Grades PreK–1

This lesson can be taught in 1–2 class periods.

Lesson Introduction:
The focus for younger students in Celebrate Hispanic Heritage is on culture and learning about one of the largest cultural groups in the United States, Hispanic Americans. Students will get a brief overview of the contributions they have made to this country and to the world.

Piñata Concentration Activity

1. Discuss the word heritage with students. Have a volunteer write student responses on the chalkboard. Explain that the concept of heritage is shaped by one's country of origin; different languages; rituals; foods; traditions; and forms of culture, such as dance and theater.

2. If you have a piñata, you can introduce the Piñata Concentration activity by bringing a piñata into class and allow students to share their own piñata experiences or any other background knowledge they may have. Then discuss how a piñata is made and what cultures and countries in Latin America incorporate piñatas in their festivities. If you do not have a piñata, you can skip this step.

3. Depending on the availability of computers, have all students play the Pinata Concentration Game in stations, individually, or in pairs, in a computer lab. Students can practice their Spanish vocabulary if they are bilingual and learn new words if they are not, as there are pictures that accompany each Spanish word.

4. In the My Heritage activity, seven Latino and Latina citizens discuss the importance of their Hispanic American heritage. Their observations help students to deepen their understanding of ideas related to heritage. For example, what heritage means, the similarities and differences in language and culture among Hispanic Americans, the diversity of backgrounds that shape the Hispanic American community, and the multicultural nature of the United States' population. Take the class through a tour of this activity, reading the text aloud for them, and then conduct a class discussion about the contributions of each.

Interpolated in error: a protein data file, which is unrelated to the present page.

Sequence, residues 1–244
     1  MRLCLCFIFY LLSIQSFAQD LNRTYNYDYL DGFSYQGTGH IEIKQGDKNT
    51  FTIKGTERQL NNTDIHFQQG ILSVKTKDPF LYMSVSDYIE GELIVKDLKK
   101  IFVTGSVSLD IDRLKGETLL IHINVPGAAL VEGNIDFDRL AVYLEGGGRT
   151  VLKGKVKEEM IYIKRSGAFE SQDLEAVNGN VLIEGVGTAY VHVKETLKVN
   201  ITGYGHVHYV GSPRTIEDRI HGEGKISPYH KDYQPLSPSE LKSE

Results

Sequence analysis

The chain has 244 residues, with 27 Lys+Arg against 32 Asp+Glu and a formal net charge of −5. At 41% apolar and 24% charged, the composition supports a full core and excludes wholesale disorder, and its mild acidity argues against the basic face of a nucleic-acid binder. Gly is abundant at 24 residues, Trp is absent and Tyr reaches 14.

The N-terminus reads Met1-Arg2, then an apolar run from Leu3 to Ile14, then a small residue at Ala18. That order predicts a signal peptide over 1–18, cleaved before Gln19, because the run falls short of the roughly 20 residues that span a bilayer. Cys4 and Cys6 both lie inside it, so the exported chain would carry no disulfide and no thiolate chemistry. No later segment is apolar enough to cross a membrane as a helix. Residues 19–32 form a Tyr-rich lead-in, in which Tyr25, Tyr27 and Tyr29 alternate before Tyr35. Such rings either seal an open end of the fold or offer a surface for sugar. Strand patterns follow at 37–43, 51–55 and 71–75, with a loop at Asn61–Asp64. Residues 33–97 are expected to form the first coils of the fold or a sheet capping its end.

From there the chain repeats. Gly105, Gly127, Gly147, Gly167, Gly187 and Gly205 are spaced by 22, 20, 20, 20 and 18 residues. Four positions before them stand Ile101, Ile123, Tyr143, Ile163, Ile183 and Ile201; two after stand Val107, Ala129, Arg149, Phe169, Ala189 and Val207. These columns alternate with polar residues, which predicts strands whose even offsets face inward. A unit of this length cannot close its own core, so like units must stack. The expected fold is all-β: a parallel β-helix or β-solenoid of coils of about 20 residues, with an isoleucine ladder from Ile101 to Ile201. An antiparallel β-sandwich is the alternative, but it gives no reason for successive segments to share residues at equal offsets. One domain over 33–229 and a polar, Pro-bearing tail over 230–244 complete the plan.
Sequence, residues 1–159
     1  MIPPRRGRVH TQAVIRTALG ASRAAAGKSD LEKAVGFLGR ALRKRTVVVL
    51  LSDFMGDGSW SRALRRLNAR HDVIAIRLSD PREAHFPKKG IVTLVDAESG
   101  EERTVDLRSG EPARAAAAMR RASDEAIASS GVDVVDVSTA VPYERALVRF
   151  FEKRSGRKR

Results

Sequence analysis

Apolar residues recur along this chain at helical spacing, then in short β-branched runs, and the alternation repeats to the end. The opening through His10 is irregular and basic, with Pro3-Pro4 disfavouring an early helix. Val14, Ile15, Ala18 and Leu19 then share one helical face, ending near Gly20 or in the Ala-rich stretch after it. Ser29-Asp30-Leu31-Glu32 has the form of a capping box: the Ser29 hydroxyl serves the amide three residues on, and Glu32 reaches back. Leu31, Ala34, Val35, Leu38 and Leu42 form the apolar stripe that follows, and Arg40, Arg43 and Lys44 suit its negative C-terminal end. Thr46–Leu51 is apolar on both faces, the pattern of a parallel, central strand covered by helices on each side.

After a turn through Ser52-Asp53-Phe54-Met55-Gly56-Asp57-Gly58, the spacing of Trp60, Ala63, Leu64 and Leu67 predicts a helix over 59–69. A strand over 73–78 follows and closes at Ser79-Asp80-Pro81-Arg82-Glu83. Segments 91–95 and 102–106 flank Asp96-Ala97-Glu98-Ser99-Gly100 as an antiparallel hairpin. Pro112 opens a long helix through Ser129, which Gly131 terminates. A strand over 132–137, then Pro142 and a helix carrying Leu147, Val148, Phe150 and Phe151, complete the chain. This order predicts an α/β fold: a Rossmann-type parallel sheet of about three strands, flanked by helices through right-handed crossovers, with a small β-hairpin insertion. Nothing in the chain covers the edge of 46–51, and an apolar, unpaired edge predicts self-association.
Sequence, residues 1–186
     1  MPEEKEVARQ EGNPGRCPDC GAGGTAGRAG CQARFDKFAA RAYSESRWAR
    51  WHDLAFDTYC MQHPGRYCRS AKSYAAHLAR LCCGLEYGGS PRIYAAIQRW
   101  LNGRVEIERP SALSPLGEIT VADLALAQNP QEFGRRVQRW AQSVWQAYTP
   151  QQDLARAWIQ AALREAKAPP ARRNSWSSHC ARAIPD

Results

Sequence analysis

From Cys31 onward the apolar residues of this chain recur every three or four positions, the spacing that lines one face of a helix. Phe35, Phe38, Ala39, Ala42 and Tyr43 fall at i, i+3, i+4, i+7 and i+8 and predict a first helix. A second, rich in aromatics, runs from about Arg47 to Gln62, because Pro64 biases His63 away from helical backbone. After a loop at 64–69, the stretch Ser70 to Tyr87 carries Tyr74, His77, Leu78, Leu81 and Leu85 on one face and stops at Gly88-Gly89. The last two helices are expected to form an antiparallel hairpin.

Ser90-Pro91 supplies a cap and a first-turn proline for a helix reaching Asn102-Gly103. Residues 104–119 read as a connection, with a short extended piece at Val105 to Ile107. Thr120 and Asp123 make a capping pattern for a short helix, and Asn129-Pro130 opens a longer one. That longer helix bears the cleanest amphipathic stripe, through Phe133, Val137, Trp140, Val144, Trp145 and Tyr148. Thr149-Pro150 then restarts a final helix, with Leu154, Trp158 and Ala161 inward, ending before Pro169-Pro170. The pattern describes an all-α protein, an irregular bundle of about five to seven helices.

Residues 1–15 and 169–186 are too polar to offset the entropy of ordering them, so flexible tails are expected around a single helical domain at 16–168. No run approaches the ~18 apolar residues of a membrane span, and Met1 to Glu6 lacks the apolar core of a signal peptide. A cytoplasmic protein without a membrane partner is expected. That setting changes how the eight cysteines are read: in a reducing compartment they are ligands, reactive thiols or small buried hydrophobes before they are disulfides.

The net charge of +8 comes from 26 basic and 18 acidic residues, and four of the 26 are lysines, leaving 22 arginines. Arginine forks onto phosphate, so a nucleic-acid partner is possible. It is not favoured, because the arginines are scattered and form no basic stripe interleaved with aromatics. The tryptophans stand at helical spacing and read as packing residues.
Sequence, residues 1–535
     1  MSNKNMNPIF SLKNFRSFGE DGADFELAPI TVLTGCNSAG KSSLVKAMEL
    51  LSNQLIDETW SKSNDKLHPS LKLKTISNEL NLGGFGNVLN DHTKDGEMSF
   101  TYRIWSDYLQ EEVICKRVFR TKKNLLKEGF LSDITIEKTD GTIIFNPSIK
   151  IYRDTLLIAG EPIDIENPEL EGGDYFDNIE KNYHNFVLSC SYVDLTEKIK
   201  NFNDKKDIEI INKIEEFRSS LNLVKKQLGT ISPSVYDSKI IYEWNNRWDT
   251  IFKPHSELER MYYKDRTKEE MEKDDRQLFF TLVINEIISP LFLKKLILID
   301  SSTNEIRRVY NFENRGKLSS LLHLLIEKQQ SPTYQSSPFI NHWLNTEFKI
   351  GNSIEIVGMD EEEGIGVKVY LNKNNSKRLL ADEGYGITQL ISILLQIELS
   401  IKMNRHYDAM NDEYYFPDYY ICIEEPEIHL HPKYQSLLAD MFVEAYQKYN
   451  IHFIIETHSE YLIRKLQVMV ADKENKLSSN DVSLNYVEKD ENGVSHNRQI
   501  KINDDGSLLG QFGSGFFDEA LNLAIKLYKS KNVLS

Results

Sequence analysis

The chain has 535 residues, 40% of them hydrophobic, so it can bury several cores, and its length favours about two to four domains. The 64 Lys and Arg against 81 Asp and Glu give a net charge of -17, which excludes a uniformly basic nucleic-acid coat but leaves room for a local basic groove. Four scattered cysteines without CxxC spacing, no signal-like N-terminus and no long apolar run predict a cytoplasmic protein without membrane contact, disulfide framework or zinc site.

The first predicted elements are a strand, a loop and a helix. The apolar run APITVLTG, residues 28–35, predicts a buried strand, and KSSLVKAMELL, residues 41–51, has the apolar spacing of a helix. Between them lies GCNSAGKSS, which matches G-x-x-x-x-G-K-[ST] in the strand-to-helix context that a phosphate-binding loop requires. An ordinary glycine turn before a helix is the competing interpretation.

Extend the Lesson:
Music, games, writing activities, crafts, and recipes offer excellent opportunities to appreciate and explore Hispanic Heritage.

Give your students the chance to sample foods from Latin countries with these easy recipes.
Corn Cakes

Source: This activity is from the book Culture Kit Mexico.

Dance Capes
Make a dance cape similar to those worn at Peruvian dance festivals.
Source: This activity is from the book Crafts of Many Cultures.

Hit the Penny
This game is popular with Chilean children. Try it in your classroom!
Source: This activity is from The Multicultural Game Book.

Getting to Know You
Have students try conversing in Spanish with these simple words and phrases.
Source: This activity is from the book Culture Kit Mexico.

Toma Todo From Mexico
Students can make a special top and play a popular Mexican game.
Source: This activity is from the book Multicultural Math.

Los Milagros
Help your students make icons to represent special wishes they want fulfilled. The fulfilled wishes are called milagros, which means "miracles."

Scavenger Hunt
Send students on a scavenger hunt to find things of Spanish origin in their communities.

Palabras = Words
Students match the Spanish words to their English counterparts by looking for similarities.

Ways to Celebrate
Here are some great ways you and your students can celebrate Hispanic Heritage Month!

Discussion starters:

• What do you do with a piñata?
• On what occasions do you hit a piñata?
• Do piñatas come in one or many shapes? Describe some of those shapes. What's inside a piñata?
• Do you know what country piñatas come from?
• What are some of the words you knew already in the Piñata concentration game? How did you learn these words?
• How do we learn about one another's culture without even trying?
• What is heritage?
• What does heritage mean to the (dancer, scientist, etc.)?
• What is your heritage?
• What does heritage mean to you?

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